Sat, Feb 24, 2018 - Page 3 News List

Reporter’s Notebook: Fans indignant about the KMT’s control over baseball

By Jason Pan 潘紀揚  /  Staff reporter

Chinese Professional Baseball League commissioner John Wu, middle, also a Chinese Nationalist Party (KMT) legislator, on Sept. 18 last year holds a game schedule for the Asia Professional Baseball Championship with Chiba Lotte Marines’ team president Shinya Yamamuro, together with Lamigo manager Hung Yi-chung, left, and Taoyuan Mayor Cheng Wen-tsan, right, during a news conference in Taipei.

Photo: Fang Bin-chao, Taipei Times

Most Taiwanese will cast aside their differences of opinion to rally behind the nation’s star players at major international sports tournaments — especially when it comes to baseball — and many fans have long desired to give their full, unbridled support by uniting behind “Team Taiwan.”

That enthusiasm and loyalty can be seen in the fervor and passion with which fans supported the national baseball team during last year’s World Baseball Classic (WBC), the Asia Professional Baseball Championship and the Taipei Summer Universiade.

Baseball is the most popular game in the nation with over a century of history. It started taking root at schools and social institutions when organized baseball was introduced to Taiwan by the Japanese in 1906.

Leaders and officials of the nation’s different political parties are divided on many issues, but they will unite as one for baseball, cheering for the national team at international competitions.

However, the continued use of “Chinese Taipei” as the team’s title is increasingly at odds with people’s perception of a Taiwanese identity as distinct from a Chinese one, and it also diverges from the nation’s political environment as it has changed over the past decades.

The main reasons for the use of “Chinese Taipei” are inertia and conservatives forces within the two main baseball bodies, the Chinese Professional Baseball League (CPBL) and Chinese Taipei Baseball Association (CTBA), which together enjoy a virtual monopoly over the game.

The CPBL and CTBA are known to be ruled at the top by oligarchies of mostly Chinese Nationalist Party (KMT) politicians — whose families and lackeys use their positions to reap benefits and business contracts — and through nepotism and cronyism, according to sports reform activists.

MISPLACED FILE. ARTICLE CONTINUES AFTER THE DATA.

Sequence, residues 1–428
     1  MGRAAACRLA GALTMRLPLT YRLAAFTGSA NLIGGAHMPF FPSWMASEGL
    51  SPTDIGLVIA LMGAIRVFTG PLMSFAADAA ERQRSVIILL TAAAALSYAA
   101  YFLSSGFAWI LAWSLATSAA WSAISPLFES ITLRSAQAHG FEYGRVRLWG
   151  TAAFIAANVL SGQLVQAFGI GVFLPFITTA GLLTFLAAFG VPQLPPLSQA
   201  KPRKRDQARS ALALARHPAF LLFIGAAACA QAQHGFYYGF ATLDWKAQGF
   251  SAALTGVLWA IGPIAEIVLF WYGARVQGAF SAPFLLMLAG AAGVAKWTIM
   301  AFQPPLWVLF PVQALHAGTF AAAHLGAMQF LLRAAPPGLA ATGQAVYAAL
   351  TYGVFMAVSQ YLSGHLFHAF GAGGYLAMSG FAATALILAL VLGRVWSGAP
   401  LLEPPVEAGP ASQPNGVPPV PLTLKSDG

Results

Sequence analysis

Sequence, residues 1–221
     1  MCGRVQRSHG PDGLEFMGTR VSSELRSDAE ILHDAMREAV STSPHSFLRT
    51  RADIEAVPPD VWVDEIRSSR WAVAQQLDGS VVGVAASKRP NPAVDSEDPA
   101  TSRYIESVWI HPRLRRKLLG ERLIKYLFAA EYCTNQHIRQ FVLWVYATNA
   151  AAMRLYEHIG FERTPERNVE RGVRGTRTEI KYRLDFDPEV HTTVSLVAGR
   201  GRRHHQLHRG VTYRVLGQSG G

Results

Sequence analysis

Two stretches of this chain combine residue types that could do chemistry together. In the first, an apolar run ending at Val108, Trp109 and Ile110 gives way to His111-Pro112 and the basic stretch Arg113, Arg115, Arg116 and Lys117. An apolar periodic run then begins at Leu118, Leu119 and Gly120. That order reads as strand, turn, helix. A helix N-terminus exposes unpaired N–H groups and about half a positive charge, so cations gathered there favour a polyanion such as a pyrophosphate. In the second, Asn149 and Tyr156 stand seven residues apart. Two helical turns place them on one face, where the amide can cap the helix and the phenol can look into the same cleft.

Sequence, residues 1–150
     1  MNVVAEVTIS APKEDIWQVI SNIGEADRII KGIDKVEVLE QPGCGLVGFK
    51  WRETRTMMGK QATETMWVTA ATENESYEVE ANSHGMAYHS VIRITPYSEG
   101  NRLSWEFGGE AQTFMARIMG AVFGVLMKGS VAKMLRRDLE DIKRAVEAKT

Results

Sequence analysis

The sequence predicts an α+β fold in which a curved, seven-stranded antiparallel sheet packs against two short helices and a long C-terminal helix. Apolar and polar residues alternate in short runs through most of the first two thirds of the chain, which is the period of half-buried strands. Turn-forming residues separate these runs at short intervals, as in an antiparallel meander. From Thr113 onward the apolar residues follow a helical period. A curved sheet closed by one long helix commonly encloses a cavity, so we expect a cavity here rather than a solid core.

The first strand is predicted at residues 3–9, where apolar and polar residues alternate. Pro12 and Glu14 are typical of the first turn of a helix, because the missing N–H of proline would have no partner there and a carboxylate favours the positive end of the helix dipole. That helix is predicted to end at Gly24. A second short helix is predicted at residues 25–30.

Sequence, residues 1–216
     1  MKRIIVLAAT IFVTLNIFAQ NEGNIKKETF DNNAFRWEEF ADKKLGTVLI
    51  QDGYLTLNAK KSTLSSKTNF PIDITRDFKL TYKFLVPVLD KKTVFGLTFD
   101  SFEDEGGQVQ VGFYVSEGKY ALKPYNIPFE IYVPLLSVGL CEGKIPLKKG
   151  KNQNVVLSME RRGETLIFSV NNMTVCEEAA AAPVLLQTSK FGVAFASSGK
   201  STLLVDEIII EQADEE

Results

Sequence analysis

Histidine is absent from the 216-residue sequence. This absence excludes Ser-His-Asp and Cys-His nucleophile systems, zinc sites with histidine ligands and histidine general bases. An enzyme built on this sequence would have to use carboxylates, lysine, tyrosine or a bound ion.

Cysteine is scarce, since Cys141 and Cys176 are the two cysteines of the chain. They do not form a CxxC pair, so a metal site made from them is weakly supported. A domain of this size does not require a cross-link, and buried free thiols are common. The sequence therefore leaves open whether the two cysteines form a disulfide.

This kind of tight control by KMT politicians who want to increase their power and benefit their businesses is prevalent across Taiwan’s sports bodies, according to publications by the “Fair Game! Taiwan!” (台灣改革聯會) alliance of campaigners.

The gridlock in which power in sports is held by pan-blue politicians was in full display when KMT Legislator John Wu (吳志揚) met little opposition on his way to obtain a second term as head of the CPBL, in which position he was confirmed at a general assembly on Jan. 17.

Wu is to serve another three years as CPBL commissioner, the unofficial czar of the nation’s professional baseball, an office that he has held since 2015.

Meanwhile, former KMT legislator Liao Cheng-ching (廖正井), who has been leading the CTBA since 2015, can reportedly expect a tough battle next month.

Liao is seeking a second three-year term as the association’s chairman, but it has been reported that he faces a strong challenge from Jeffrey Koo Jr (辜仲諒), who owns the Brothers Baseball Club and is a major shareholder in CTBC Financial Holding Co, which is controlled by his family.

“We will strive with all our effort to restore Taiwanese baseball to its former glory through revitalization plans,” Wu said as he officially entered his second term as CPBL commissioner. “The priority is to expand the league by adding fifth and sixth teams to the current format.”

Wu also unveiled a platform illustrated with an image of five interlocking rings, representing the CPBL’s five focal themes for the next three years: consolidating the grassroots, professional training, business expansion, international participation and deepening friendships with other “baseball nations.”

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